A student from our school, Fabio Peixoto, sailed in a prior Clipper race. We asked if he’d share his experience and perspective, and here’s what he had to say…
“The Clipper race is considered the longest sailing race around the world. It is not only that, but it is also the only sailing race around the world open to amateurs! Everyone in the boat is a paying passenger, except the skipper. This feature makes it a very unique race and it gives the opportunity to amateur sailors like me to have an experience as close as possible to the Volvo ocean race.
The Clipper race stops in many ports, including New York City. When I learned about it I decided to check. This was back in 2010. I contacted them through their website and had a face-to-face interview with the sailing director when the boats arrived. The interview went well; I think they just want to make sure the candidate is not insane, and I decided to go ahead and book my first few training sessions.
Everyone can sign up for the race, from complete novice to Olympian sailors and everyone has to go through the same training process; a 4 level training session, around 32 days total. You can split the sessions anyway you want. I did the first 2 levels in 2 weeks in November 2010. The third session was in April 2011 and the 4th session in June. The race started on July 31st, 2011.
The training happens in the Solent, south of England. It is very professional, intense training. The instructors are old race skippers or new ones in training. We go out in any condition – no wind or gale force wind. We should because during the race we will have to face whatever Mother Nature throws at us. A lot of novices who sign up with romantic views of sailing give up after the first level. Sailing is wonderful, but it has its rough patches. But most people who are sailors know what to expect and have a great time! It is awesome to train in those big, racing boats under any condition. You feel like a professional!
I signed up for the first half of the race. It would be a little over 4 months of racing, from July 31st to December 13th 2011. We started in Portsmouth, England and had our first stop in Madeira Island. Then we stopped in Rio de Janeiro, Cape Town, Geraldton, Australia, Tuaranga, New Zealand and Gold Coast, Australia, where it was my last stop. The race continued to China, crossed the Pacific to San Francisco, crossed the Panama canal, and sailed to New York, before crossing the Atlantic again and finishing in England. The complete race takes one year. Half the boat is booked for circumnavigators and half to leggers.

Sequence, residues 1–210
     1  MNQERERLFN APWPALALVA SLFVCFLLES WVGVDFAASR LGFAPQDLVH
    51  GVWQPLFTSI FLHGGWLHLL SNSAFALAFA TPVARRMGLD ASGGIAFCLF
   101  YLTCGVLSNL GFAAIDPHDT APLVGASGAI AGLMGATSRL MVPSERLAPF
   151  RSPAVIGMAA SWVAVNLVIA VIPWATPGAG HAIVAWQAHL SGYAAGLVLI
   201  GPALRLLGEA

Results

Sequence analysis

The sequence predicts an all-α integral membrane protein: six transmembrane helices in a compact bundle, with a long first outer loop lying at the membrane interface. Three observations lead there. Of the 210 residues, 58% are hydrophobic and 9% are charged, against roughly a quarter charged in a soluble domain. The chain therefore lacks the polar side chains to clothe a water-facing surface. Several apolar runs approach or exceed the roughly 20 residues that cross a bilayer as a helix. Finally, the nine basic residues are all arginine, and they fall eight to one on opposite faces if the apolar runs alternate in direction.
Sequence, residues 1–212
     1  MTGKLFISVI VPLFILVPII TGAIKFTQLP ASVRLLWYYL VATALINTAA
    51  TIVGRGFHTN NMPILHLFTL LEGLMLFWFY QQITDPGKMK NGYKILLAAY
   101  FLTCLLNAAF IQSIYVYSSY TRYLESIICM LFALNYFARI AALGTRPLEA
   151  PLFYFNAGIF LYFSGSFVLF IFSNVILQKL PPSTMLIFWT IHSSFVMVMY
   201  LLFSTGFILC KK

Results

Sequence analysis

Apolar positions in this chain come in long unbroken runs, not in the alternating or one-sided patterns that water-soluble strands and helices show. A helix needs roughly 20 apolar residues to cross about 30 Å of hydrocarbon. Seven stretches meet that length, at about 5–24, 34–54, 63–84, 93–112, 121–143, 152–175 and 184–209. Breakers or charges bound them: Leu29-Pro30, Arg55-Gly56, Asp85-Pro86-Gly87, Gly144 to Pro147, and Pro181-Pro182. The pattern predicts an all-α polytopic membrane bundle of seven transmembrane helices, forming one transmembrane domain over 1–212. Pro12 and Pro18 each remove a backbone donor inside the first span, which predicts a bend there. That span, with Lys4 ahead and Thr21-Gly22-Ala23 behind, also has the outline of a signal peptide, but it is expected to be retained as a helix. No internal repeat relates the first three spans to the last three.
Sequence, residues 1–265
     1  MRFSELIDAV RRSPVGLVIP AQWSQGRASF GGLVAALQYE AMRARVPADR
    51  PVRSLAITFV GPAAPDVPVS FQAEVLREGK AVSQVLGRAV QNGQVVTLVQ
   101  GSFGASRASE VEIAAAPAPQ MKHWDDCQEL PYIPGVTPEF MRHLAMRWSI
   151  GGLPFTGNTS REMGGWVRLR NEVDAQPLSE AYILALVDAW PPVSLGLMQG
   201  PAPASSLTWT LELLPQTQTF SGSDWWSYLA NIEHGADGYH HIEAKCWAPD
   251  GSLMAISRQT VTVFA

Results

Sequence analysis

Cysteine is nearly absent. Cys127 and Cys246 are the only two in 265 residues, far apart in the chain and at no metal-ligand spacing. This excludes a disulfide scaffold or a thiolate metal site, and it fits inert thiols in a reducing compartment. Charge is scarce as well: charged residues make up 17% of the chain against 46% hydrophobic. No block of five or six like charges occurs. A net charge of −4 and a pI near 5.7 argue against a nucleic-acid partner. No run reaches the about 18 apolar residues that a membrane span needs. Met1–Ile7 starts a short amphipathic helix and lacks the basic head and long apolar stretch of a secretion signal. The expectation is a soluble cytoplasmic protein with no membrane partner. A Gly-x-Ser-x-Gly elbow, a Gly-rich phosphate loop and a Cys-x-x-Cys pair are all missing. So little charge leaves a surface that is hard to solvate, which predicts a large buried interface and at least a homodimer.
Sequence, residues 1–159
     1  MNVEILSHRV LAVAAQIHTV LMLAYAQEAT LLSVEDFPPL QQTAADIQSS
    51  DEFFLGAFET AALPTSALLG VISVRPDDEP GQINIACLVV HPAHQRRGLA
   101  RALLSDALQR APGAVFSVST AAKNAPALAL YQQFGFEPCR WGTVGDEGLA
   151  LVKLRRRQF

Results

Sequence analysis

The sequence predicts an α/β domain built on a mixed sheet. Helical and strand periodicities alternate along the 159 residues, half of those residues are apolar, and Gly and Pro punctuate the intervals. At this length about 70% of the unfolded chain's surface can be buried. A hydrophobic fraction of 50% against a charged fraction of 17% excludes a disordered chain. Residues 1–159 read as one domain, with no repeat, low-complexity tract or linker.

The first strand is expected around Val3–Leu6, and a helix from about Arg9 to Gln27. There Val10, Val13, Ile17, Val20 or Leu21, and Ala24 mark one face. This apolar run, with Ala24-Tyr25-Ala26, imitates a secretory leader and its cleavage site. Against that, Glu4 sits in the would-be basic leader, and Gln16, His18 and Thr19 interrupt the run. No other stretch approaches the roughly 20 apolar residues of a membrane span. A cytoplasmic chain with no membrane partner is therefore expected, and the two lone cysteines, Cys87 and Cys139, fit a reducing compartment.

I can tell you that the race was an amazing experience! I have nothing but praise to the Clipper race! It is a very well run race, and they are very professional. I have sailed through squalls, gales and storm force winds. I have also seen amazing marine life, two lunar rainbows and, I believe, a green flash. I highly recommend the race to sailors who want to gain offshore experience. Offshore sailing is one of the last true adventures in the world!
The current Clipper race is their 20th edition. There have been many injuries before, including during my race. It is inevitable given the conditions that we sail; broken ribs, broken legs, concussion, etc. However they have never had a fatality in all those years. Unfortunately it seems they ran out of luck; there has been already two deaths in this race. Coincidence or not, in the same boat, Ichor Coal.
The first casualty happened right on the beginning of the race, on their way to Rio. It is still not clear the reason, but it seems that right after a reefing procedure, Andrew Ashman was hit by the main sheet or the boom and fell unconscious. They tried to resuscitate him in vain. The boat was diverted to Porto in Portugal to drop off the body.
This was the first death in 20 years and the conditions seemed to indicate an unfortunate causality. However, on April 1st 2016 another sailor on the same boat, Sarah Young, fell overboard in the Pacific during rough conditions. She was not tethered when a big wave washed her overboard. After one hour of searching, she was found. Unfortunately she had already died of hypothermia and/or drowning. Due to the distance to land, a decision was made to have a sea burial.
The first death seemed to be an unfortunate case but the second one shocked me. Specially because I went almost overboard in very rough seas in the Southern ocean. It was 2 AM and we were going through a gale with gust to 60 knots. I had just finished driving for one hour when the skipper took over. I was sitting next to him and then I decided to go down in the cabin to have some water. As soon as I unclipped to go under the traveler, a huge wave hit the boat. I felt this very strong water pushing on my back. My left hand was holding the binnacle and I wasn’t letting it go for nothing! The only thing I was thinking was “F****, I am not clipped in!” Fortunately I was able to hold myself and the only damage was a little bleeding on my nose from hitting the skipper’s leg and a bit of a twist to the binnacle frame. If I went overboard at 2 AM under those conditions, it would be very hard to find me. And even if they’ve found me, bringing me back into the boat with that sea state would be extremely difficult!
Even after these two tragedies, I still have trust in the Clipper race. Their training program is excellent and there is a big focus on safety! We are reminded of clipping-in all the time, not only during training, but also during the race. Andrew’s death seems to have been bad luck, but Sarah’s could have been prevented if she was tethered to the boat. I do not know if it was her fault of if she was in the process of changing jack lines, like in my situation in the Southern ocean. I just know that accidents happen, especially in extreme sports like offshore racing. I hope that the rest of the race goes smoothly and I wish the best to all racers! There is no adventure without risks.